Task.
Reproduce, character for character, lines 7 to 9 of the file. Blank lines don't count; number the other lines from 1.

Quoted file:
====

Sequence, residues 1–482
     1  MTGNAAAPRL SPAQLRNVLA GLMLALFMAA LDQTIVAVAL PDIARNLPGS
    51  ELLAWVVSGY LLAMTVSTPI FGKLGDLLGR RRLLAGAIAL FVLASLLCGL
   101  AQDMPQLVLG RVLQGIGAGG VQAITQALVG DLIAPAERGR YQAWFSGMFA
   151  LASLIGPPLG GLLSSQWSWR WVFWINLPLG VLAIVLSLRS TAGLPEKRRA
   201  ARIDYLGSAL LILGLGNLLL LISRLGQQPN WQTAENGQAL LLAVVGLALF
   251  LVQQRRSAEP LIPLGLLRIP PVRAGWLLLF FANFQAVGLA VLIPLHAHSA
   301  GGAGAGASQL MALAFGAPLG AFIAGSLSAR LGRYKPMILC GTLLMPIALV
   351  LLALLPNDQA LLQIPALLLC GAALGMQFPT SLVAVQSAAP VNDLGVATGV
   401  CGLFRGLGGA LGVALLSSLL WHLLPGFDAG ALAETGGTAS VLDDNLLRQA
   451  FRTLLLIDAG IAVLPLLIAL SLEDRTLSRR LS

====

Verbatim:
   251  LVQQRRSAEP LIPLGLLRIP PVRAGWLLLF FANFQAVGLA VLIPLHAHSA
   301  GGAGAGASQL MALAFGAPLG AFIAGSLSAR LGRYKPMILC GTLLMPIALV
   351  LLALLPNDQA LLQIPALLLC GAALGMQFPT SLVAVQSAAP VNDLGVATGV